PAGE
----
Essential oils have become overwhelmingly popular. Everyone knows someone who either sells them or uses them, and most have probably at least tried an oil or two at some point. They can be used strictly for fragrance, used topically or occasionally taken internally.
Derived from plants, most people think that because they're natural that means they're safe. However, even though many use essential oils to treat various ailments, essential oils must be used with caution to prevent certain ailments.
As with prescription and over-the-counter medicines, only use essential oils as directed. Failure to do so can result in injury or death. If you use essential oils, you need to follow the recommendations for the product.
Understand the oils you use, what they're used for and how to use it properly. Some may only be safe for topical use, some may not be safe for children or pregnant women, and some need to be diluted before applying. Follow the directions and err on the side of caution.
As with any food or medication, different people can have varying reactions to essential oils. One oil that is fine for one person, may cause an allergic reaction in others. These oils pose the most serious risks:
Some oils can increase your photosensitivity, or rather, make your skin more susceptible to blistering, swelling and sunburn. According to Natural Living Ideas, this can happen even with limited exposure. While this list isn't inclusive, be sure to avoid wearing these particular oils before going out in the sun:
Lemon essential oil
Lime essential oil
Grapefruit essential oil
Orange essential oil
Bergamot essential oil
Wellness Mama states that "Essential oils can affect hormones, gut bacteria and other aspects of health and extreme care should be used when taking them while pregnant or nursing."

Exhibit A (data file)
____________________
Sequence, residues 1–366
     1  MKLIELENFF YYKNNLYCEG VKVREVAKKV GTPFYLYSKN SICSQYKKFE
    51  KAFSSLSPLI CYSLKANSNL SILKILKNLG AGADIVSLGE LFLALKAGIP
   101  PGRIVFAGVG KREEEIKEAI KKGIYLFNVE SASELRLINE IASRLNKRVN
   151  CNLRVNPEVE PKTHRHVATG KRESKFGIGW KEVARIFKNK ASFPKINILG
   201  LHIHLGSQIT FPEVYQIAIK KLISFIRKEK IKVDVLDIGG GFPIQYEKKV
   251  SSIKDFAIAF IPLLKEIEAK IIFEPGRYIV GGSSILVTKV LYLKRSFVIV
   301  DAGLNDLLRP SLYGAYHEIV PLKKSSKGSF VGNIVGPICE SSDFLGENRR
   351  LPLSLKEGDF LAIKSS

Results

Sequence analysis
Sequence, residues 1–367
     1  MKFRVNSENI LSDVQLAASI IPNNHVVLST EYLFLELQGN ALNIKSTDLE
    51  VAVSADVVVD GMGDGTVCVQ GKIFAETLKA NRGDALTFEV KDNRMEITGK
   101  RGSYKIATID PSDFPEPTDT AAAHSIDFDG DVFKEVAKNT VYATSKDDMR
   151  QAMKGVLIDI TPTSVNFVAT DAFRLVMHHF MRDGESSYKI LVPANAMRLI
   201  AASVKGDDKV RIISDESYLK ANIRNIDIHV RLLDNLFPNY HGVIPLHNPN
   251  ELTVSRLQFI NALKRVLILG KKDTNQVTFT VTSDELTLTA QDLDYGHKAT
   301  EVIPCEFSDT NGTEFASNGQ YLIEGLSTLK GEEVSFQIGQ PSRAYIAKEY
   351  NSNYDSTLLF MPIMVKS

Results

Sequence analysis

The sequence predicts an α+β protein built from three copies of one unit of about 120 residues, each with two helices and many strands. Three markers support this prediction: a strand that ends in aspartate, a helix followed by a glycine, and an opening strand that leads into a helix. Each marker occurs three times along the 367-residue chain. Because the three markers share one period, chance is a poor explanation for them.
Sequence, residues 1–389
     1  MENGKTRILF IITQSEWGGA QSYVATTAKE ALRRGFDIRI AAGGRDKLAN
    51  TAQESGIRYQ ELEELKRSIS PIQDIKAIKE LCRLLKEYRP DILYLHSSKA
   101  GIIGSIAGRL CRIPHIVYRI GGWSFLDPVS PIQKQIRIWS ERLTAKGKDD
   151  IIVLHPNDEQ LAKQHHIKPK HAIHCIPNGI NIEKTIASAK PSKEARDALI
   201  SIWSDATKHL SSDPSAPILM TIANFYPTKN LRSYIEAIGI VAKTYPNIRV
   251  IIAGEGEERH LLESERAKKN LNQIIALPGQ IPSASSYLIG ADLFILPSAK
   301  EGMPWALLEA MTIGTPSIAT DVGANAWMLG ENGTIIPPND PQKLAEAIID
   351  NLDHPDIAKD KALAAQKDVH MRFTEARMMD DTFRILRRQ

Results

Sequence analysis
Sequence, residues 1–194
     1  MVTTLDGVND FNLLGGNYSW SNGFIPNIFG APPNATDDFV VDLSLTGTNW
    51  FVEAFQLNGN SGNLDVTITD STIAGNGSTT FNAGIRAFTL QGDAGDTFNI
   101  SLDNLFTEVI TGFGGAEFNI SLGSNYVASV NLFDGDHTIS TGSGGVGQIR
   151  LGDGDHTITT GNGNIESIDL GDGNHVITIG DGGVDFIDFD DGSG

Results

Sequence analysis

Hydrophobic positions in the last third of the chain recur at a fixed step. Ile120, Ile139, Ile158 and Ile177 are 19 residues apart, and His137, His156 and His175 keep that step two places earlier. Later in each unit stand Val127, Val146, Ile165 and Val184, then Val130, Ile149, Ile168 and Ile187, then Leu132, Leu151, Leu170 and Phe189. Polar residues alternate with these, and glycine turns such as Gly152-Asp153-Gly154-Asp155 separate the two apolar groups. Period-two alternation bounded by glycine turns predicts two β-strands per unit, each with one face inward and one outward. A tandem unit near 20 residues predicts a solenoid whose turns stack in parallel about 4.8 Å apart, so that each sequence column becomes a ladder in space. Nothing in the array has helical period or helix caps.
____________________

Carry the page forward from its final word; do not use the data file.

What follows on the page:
Because what an expectant mother or nursing mother eats or puts on her skin can easily transfer to her baby, extreme caution needs to be used if you decide to take or apply any essential oils. Again, everyone reacts differently to oils, so what may be safe for one person may not be for another.
The National Association for Holistic Aromatherapy (NAHA) lists multiple oils pregnant women should avoid. You can click here to see the full list, but there are some to avoid:
Wintergreen essential oil
Sage essential oil
Camphor essential oil
Parsley essential oil (seed or leaf)
Wormwood essential oil
While some oils are safe for use on children, they still should be diluted twice as much as you would dilute for adults. But some oils should never be used around a young child or infant.
Erika Krumbeck, ND, highlights several cases where essential oils have caused seizures in children. Certain oils can slow or stop breathing altogether, particularly for those with respiratory issues. The results can be fatal. Avoid these oils on, in, or around children and babies:
Additionally, always keep essential oils out of reach of children.
Because most oils are not regulated and have ben tested for safety, Poison Control warns essential oil users to treat these oils with caution. If you don't, there are someharmful or even fatal side effects:
Pennyroyal and other types of mint are poisonous to the liver.
Wintergreen can relieve pain, but taking it internally can be fatal. According to Poison Control, "swallowing oil of wintergreen is like swallowing a large number of adult aspirin."
Misuse or abuse of nutmeg can cause hallucinations and coma.
Eucalyptus, while soothing for coughs, can cause seizures if taken internally (and is unsafe for children).
Sage oil can cause seizures in children.
Camphor, when swallowed, can cause seizures within a few minutes. Also, frequent topical applications on children is poisonous.
While essential oils can be helpful for some things, please consult a trained professional before using any essential oil. No one wants to suffer skin irritation, health problems or even death caused by using these oils incorrectly.
Educate yourself and use caution before diffusing, applying, or swallowing any essential oil. Even though they are natural, they are only safe when used correctly.